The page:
1. That’s a great example Cecilia! I haven’t been to the cinema by myself for a long time. I especially love how you shared that doing what seemed unthinkable turned out to be rather awesome. :)

  2. What a lovely post and your Eleanor Roosevelt quote is so very apt for me today. I did something today I have never done and that is to turn down a job as the hourly rate was too low (I am recently self-employed with one client who is about to sell up and retire) so it was a big deal for me. But I felt proud of myself for not doing myself a dis-service and accepting a lower paid job out of desperation or fear. The result was that the company contacted me and gave me the rate I wanted.

    So I trusted myself and knew that whatever happened it would be okay. And I believed that I can be my own boss and choose who I work for.

    Thank you for a beautifully written post from your heart and I am glad you had a lovely birthday – it sounds divine.
    xx

  3. Helen congratulations and thank you so much for sharing your story here! It must’ve been hard to stick to your guns, and I’m so happy it resulted in the rate you wanted {and deserved}. So inspiring! Thank you for your kind words too.

    1. Thanks Tara – I felt strangely guilty for not accepting the original offer, but that’s just because that’s what I have always done. It’s good to feel your worth x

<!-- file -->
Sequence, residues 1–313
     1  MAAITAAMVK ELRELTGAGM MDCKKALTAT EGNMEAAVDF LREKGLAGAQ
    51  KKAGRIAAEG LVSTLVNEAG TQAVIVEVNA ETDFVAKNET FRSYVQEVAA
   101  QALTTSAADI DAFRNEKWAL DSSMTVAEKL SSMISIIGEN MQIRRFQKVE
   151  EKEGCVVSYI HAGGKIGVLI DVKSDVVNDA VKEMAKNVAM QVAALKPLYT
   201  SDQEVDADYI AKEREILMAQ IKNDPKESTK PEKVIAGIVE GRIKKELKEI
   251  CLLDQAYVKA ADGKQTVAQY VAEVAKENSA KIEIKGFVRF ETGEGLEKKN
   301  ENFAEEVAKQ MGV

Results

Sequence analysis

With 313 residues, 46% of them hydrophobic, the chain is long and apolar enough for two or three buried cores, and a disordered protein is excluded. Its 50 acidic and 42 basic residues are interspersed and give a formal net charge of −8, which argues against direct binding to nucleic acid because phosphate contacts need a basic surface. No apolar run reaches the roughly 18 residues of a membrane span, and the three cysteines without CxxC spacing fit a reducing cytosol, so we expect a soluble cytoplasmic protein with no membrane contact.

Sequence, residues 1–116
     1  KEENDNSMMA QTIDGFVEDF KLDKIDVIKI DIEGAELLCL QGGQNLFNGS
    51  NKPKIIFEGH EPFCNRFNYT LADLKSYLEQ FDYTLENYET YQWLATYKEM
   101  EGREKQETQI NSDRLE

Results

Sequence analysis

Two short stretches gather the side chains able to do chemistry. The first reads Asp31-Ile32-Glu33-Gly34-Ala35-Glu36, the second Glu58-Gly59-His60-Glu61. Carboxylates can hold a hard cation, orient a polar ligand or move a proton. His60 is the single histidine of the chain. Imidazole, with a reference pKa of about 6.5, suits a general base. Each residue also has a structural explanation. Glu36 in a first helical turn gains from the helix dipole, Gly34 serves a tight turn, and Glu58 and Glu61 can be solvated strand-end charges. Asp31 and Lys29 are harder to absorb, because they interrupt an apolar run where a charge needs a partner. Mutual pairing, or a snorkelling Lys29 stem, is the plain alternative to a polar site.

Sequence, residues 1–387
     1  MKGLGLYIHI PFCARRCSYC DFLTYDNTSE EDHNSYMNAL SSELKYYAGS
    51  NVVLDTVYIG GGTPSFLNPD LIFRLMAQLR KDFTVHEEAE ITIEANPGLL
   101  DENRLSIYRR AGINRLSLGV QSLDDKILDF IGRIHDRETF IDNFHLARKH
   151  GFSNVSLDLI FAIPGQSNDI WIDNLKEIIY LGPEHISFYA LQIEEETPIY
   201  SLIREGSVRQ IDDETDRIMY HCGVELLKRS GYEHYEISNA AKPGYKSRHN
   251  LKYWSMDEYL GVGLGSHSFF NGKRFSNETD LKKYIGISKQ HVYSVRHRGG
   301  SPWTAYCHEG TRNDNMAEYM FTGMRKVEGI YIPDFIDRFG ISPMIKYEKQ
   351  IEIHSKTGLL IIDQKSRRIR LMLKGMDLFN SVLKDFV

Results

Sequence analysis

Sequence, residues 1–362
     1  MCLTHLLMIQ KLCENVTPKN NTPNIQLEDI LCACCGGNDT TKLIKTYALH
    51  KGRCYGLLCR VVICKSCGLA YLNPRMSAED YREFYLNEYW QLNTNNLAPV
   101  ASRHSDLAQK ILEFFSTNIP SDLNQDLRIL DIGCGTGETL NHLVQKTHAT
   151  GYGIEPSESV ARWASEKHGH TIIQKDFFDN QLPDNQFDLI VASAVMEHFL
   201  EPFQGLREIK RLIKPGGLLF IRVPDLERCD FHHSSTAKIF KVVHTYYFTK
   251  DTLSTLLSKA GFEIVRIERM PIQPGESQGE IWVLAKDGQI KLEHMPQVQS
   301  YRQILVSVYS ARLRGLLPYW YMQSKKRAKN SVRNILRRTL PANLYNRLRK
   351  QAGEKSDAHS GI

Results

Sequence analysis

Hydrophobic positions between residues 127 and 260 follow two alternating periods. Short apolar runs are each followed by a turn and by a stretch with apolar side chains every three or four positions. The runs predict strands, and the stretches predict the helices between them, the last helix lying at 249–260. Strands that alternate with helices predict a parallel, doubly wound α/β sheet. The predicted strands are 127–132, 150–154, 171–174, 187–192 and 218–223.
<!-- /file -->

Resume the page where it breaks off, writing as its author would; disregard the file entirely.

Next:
4. What a wonderful post Tara and Happy Belated Birthday!

    About 10 years ago I went through a divorce and did many things I thought I could not do: lived on my own, rebuilt a social network, went to see live music by myself… It was very powerful in showing me that I was capable of much more than I’d given myself credit for, and capable of enjoying my own company. Thankfully I can do smaller things too (things that don’t require a divorce 😉 ) to remind me of that, like go to a coffee shop on my own or take a creative risk by submitting artwork to a juried show. These little things are great ways to shake things up and boost my confidence when I need it.

  5. As some one with 4 children in a 3 bedroom house – your birthday sounds all kind of perfect to me. Time alone is something of a rarity (and I feel all kinds of selfish for yearning for it) but your day sounds amazing.

    There are a couple of brave things I can think of in my life but I can’t really post them in public – but yes – they bettered mine and my childrens life and definitely made me a more confident person. Not choices I had thought I would ever have to make but in doing so they made me stronger. x

    1. Carmen that does sound like a full house! Of course sometimes I wish for the love and buzzing energy a family would provide too… swings and roundabouts! It doesn’t seem selfish to me at all to wish for a little time to yourself. You’re still you, whatever your outer circumstances.

      I totally understand not feeling you wish to share certain experiences, but I’m glad you stopped by to share your thoughts. It seems we have hidden depths of strength within us we so often feel certain don’t exist!